Here’s what lithium miner Anson found while fishing 2km down an oil well in Utah
Junior lithium explorer Anson Resources (ASX:ASN) has managed to pull out a bunch of old tubing and tools that had been stuck in an oil well in Utah since 1963.
You might be thinking: why is a lithium miner trying to pull stuff out of an old oil well?
Well, Anson wants to sample the brines contained in the Long Canyon No. 2 well at its Paradox lithium project.
Oil and gas production and exploration brings a mineral-rich salt solution to the surface called petroleum brine.
This brine hosts all sorts of other minerals like lithium, silicon, magnesium and potassium.
For companies only interested in the oil and gas, the petroleum brine is treated as a waste product and is usually injected back into the ground.
The Long Canyon No. 2 well was abandoned after an overshot tool (which cuts tubing), 200 feet of tubing and a 3-metre long shear and packer tool became stuck at 6200 feet (1.9km) during a drilling program in 1963.
Anson has now successfully “fished” the tubing and tools out of the Long Canyon No. 2 well. Look:
The company said the tools and their dimensions were not mentioned in historical logs.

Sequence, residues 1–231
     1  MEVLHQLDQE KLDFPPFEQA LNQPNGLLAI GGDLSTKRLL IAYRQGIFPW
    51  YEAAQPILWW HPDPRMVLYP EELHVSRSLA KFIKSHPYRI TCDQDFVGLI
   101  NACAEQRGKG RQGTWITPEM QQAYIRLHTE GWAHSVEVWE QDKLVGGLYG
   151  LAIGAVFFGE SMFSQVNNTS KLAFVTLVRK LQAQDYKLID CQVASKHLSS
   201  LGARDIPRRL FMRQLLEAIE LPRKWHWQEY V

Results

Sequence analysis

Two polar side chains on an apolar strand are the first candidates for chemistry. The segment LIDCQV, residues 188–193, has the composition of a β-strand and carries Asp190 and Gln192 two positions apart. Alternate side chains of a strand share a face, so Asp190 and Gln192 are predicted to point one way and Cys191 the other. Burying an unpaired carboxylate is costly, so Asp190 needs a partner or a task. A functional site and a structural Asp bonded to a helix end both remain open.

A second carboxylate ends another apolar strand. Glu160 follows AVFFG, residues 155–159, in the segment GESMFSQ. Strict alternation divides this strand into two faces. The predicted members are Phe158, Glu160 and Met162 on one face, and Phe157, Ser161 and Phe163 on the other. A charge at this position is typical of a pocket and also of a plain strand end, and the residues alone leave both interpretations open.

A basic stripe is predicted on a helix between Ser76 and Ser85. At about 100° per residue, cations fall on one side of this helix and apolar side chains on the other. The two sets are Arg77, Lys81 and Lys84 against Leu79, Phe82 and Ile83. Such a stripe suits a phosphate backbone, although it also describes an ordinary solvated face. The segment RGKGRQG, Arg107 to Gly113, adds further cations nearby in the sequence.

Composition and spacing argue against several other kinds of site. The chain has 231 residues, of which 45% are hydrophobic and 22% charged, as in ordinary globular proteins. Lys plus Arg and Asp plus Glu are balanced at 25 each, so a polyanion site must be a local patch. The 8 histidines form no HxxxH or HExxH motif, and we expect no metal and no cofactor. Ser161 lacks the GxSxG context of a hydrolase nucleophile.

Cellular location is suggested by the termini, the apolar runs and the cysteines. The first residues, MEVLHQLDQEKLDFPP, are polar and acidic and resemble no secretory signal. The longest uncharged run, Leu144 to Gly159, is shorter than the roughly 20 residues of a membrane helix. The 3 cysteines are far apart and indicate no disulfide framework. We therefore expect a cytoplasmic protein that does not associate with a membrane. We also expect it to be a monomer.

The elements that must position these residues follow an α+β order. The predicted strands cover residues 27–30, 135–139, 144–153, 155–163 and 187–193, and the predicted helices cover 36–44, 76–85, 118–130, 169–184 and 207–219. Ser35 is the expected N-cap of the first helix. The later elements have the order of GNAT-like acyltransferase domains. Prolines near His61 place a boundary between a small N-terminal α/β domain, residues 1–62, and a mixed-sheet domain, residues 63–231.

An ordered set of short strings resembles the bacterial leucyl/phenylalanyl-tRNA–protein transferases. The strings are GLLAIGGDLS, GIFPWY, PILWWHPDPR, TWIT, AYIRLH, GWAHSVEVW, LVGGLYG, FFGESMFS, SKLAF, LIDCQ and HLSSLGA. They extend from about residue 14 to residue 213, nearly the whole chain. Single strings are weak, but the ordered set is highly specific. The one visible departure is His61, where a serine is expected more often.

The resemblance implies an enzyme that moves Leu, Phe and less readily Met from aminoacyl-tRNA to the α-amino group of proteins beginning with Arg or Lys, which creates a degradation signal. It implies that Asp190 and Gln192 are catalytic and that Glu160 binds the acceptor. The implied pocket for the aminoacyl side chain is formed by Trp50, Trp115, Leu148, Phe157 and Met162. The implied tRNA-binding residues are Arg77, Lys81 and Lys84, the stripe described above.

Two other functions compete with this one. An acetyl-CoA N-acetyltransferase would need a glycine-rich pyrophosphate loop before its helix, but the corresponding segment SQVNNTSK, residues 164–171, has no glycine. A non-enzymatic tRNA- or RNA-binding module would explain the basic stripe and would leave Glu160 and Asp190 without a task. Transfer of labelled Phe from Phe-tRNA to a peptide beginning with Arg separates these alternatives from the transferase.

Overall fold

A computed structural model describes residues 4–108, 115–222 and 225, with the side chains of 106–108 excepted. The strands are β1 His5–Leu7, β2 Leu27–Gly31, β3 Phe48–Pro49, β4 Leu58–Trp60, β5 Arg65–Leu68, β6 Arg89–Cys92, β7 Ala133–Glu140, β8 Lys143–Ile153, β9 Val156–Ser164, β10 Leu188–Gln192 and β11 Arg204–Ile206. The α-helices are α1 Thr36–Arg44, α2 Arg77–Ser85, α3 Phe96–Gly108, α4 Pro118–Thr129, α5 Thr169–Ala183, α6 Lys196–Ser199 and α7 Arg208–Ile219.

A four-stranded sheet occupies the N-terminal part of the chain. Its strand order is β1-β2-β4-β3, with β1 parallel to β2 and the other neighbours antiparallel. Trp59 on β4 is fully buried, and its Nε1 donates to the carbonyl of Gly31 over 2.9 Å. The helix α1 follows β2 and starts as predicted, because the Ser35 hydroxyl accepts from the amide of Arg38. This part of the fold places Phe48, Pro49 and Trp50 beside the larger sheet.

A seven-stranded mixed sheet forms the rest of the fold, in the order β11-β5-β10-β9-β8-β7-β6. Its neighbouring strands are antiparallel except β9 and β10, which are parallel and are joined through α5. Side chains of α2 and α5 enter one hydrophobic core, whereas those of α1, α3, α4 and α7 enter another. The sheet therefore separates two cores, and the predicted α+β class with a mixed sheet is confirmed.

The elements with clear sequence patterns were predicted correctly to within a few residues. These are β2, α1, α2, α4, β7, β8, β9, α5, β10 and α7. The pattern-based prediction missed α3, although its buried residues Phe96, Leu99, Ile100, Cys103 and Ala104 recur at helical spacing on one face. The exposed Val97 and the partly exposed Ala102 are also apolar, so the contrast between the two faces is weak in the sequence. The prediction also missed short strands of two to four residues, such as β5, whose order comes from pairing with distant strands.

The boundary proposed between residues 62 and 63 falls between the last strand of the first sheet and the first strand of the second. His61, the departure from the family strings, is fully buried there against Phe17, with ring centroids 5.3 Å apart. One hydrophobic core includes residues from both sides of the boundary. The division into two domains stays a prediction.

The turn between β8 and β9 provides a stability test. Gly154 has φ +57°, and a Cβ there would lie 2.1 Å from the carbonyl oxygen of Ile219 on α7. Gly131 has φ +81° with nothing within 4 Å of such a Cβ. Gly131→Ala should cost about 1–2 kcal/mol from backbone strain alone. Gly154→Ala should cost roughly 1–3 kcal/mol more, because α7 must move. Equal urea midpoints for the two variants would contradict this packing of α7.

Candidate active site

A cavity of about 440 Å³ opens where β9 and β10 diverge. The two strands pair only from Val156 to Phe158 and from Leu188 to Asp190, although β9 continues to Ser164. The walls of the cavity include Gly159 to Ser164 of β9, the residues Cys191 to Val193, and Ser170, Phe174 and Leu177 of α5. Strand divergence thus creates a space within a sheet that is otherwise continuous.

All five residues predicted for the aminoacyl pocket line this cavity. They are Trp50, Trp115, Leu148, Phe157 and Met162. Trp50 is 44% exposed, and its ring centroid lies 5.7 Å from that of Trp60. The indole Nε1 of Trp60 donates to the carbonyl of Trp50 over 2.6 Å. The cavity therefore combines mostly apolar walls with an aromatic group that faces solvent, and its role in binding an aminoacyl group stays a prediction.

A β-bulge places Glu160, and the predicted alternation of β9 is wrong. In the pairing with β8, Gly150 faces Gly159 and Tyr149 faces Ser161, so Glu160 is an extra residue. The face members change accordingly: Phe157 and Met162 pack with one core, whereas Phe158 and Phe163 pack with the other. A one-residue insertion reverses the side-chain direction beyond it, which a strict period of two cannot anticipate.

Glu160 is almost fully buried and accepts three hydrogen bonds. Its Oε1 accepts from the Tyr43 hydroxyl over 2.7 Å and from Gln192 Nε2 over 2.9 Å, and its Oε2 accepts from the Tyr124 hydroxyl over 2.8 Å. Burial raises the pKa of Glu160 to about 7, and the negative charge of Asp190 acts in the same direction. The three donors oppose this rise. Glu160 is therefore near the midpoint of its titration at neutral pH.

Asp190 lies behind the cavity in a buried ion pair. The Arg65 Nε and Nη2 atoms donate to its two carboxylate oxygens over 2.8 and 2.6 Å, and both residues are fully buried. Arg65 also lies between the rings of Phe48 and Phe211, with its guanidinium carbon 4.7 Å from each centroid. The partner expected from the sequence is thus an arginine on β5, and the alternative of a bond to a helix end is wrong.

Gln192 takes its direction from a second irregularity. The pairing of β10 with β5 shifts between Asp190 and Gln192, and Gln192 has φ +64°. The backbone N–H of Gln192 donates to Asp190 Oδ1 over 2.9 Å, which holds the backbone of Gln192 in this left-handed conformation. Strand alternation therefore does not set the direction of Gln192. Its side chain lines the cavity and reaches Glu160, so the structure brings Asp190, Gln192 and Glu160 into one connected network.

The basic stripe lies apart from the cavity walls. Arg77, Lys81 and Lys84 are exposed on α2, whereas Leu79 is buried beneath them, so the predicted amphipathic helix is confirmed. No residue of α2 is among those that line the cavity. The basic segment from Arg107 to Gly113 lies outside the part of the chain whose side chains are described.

With the blockage now clear, Anson can sample the “clastic horizons” that it is targeting at the Paradox project in the hopes of delivering a resource.
Anson is interested in these horizons because it achieved a high rate of artesian (groundwater under pressure) flow from the Clastic Zone 31 at the Skyline Unit 1 well.
This prompted the company to conduct pressure and other geophysical test work on the clastic horizon to assist in defining a resource.
The Long Canyon No. 2 lies 900m south-east of the Long Canyon 1 well, which has a historical lithium grade of 500 parts per million (ppm) — which Anson says is comparable to the highest known lithium brine grades worldwide.
It is also located 2.86km south-east of the recently re-entered Skyline Unit 1 well, which had a flow rate of 123 barrels per hour and a lithium grade of 193.5ppm.
Anson said the flow rates at the Skyline Unit 1 well were significantly higher than the company achieved during its re-entry of the Cane Creek 32-1 well.
Mid-last year, Anson picked up enough ground to build a pilot plant and extract brine from the Cane Creek 32-1 well pad to produce battery-grade lithium and other minerals.
Anson is also considering using the Cane Creek 32-1 well to supply energy for the pilot plant.
Investors seemed to like the news: shares advanced over 8.5 per cent to 7.6c on Tuesday morning.